Although institutional investors seem to be focusing most of their attention on Class A self-storage facilities, Class B and C properties are also seeing a bump from investors' new found interest in the industry. There is a pretty big disparity between Class A properties and Class B and C, says Owens. As the industry welcomed an ever increasing number of new participants, sellers of A Class sites were getting top dollar whenever properties changed hands. Nevertheless, the supply of these assets is limited. There are not a lot of Class A properties, says Owens, so buyers end up chasing B Class properties.
Last year, the price gap between Class A and B was narrower, he adds. This year, it has widened more. Banks and lenders have much tighter underwriting standards today, and they are most likely to lend on very attractive Class A properties.
Knowing The Players
Occasionally, institutional investors will go after a grouping of B and C class properties. Institutional money is going after B properties, but only if you can get a portfolio together, says Boorstein. As you get to smaller markets, you must have a portfolio of three or more properties. It gives the buyer a presence in the market and the advantages of economies of scale.
If self-storage sellers believe their properties will attract the attention of commercial investors, they should set their asking prices accordingly. Sellers need to have a strong understanding of who their buyer might be-a private individual, a regional buyer, or an institutional investor, advises Owens. They should also know how a lender will underwrite and lend on their property.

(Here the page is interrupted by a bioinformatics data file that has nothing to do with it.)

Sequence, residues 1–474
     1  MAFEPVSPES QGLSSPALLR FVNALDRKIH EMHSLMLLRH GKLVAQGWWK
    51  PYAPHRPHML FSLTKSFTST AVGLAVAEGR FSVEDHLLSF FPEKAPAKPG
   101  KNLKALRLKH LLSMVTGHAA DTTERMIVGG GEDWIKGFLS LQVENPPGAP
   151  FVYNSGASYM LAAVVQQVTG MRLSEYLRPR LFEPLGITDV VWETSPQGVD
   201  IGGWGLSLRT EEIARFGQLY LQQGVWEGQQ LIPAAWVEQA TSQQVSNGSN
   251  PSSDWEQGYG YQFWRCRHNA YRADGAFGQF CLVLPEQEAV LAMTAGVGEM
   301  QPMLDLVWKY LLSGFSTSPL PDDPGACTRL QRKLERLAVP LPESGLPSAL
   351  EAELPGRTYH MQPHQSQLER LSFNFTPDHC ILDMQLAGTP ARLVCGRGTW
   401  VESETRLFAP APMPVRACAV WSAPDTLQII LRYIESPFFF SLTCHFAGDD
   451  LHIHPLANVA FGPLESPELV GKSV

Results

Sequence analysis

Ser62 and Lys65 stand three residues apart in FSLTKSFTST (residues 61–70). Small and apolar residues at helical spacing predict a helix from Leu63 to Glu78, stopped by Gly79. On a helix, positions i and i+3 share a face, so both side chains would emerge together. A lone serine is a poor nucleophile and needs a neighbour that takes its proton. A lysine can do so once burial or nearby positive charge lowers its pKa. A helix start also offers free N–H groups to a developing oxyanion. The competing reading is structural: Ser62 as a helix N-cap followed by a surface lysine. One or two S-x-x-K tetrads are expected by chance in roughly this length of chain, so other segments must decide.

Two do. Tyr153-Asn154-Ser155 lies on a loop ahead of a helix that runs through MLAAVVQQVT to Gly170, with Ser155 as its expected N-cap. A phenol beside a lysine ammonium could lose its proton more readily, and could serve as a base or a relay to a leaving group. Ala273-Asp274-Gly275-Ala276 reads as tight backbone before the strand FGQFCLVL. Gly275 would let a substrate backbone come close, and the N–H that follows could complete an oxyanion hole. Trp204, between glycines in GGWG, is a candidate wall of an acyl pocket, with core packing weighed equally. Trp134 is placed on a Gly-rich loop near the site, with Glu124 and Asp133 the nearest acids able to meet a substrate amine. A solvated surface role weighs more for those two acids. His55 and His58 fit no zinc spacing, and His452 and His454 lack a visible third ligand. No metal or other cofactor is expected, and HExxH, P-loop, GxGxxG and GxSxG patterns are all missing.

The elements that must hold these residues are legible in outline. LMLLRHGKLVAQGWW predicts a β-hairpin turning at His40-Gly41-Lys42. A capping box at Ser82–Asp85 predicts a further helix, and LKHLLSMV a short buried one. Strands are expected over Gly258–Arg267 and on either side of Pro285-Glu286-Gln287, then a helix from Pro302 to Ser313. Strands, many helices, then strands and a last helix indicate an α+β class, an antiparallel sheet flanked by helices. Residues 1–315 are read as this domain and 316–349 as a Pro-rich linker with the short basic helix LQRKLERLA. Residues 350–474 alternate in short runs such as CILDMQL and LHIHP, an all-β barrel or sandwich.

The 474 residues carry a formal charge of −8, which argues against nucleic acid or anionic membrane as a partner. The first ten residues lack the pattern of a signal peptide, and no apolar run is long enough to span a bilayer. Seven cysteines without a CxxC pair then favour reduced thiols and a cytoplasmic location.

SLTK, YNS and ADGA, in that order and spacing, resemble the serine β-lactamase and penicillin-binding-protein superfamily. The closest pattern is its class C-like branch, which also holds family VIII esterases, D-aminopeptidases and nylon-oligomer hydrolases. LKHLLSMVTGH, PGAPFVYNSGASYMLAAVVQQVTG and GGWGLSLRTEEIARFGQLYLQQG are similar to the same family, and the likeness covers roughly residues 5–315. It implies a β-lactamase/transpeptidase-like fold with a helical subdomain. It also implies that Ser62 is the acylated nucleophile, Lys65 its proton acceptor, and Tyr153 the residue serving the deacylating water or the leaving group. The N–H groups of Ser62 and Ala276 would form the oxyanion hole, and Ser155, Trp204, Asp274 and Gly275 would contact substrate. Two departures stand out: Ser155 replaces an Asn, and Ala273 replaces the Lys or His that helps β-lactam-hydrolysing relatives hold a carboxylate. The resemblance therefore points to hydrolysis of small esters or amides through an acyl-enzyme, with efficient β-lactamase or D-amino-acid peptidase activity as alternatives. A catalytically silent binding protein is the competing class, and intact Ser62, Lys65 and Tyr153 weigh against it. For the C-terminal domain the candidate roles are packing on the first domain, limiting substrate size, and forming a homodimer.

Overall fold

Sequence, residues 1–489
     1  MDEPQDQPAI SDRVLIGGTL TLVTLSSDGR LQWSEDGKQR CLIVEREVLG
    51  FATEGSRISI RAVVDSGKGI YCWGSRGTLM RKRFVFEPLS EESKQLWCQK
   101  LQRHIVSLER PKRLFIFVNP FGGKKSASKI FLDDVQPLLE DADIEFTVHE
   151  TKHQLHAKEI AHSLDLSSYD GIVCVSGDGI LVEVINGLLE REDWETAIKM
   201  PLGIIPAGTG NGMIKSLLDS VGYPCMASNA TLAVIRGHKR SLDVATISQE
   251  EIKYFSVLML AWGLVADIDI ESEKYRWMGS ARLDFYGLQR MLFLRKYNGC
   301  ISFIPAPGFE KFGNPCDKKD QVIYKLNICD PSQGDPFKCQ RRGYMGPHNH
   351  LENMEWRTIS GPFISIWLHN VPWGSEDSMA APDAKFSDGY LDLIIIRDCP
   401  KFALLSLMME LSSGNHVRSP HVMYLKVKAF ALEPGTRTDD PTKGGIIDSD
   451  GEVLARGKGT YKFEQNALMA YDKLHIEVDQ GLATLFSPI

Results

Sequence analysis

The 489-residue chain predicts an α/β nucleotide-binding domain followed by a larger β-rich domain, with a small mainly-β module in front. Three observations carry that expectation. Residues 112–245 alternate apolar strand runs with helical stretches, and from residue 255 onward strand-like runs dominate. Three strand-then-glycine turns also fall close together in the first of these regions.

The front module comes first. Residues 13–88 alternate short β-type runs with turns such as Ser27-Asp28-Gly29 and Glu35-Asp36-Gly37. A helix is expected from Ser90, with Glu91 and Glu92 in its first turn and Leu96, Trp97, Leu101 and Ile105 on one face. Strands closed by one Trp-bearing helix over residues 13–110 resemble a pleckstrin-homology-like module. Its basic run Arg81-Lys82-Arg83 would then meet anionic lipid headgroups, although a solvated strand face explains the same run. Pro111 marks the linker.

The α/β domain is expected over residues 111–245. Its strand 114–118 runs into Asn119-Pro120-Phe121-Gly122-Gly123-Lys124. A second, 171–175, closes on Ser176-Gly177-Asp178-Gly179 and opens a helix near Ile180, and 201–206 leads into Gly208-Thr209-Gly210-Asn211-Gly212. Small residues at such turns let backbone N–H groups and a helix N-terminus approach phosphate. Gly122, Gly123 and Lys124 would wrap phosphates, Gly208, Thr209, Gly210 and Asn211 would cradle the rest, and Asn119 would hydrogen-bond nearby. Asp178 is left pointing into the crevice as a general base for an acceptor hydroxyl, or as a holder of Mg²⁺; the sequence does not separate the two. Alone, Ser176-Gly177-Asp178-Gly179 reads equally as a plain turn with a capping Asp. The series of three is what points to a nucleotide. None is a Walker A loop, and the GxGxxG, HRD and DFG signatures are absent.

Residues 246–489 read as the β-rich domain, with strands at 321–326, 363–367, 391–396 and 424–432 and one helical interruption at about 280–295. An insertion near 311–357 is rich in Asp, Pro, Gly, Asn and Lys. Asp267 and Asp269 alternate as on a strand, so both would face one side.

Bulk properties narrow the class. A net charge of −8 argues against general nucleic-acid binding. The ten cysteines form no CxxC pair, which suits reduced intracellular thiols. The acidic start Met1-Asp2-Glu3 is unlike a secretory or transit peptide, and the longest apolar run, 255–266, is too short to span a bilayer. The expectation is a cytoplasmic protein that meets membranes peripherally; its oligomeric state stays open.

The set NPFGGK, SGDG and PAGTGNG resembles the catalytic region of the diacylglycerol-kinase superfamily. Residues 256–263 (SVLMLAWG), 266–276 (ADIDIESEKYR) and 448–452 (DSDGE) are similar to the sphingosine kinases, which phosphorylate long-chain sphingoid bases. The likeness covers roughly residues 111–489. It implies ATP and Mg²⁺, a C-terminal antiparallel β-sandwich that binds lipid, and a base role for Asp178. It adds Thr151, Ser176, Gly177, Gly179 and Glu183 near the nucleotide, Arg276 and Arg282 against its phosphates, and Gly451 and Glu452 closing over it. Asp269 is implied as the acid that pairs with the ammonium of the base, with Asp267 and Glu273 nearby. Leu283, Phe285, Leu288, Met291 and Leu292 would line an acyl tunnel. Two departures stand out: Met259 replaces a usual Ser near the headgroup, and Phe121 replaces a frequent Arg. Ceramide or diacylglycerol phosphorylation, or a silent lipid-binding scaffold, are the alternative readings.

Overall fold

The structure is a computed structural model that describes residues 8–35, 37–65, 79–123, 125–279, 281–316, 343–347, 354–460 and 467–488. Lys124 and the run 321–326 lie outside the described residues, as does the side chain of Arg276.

In general, buyers prefer to use debt financing when possible. However, the cost of funds and debt is going up and, as a result, CAP rates are climbing. Sellers need to understand how that plays into what buyers can pay for the property and how it will be funded.
The benchmark is the 10-year T-bill, and the T-bill has gone down but spreads have gone up, causing interest rates to increase, Ekovich says. The more leverage you have, the more someone can pay for an asset. Leverage also affects the CAP rate and has had a profound affect on underwriting.
With the problems of tightening credit standards, sellers are unlikely to see the same type of debt structures available that were easily attainable only several months ago. Today, most buyers must use more of their own money to close a deal. You used to be able to get 10-year interest-only financing, but now you can only get interest for 2-years, says Boorstein. Very aggressive loans are now less aggressive. Now, the buyer has to put in more equity, and interest rates are higher.
In spite of credit concerns and a softening real estate market, many buyers are still aggressively pursing high-end self-storage properties. Sellers with solid portfolios or successful Class A properties are still likely to garner strong offers. However, sellers who are simply interested in testing the waters may not like what they find. The choppy tides can be extremely unfriendly as property prices have dropped off in some areas.
Nevertheless, the best stores will always attract the attention of a variety of buyers, ensuring smooth sailing for those who are staying the course to get the highest prices and best returns when selling their self-storage facilities.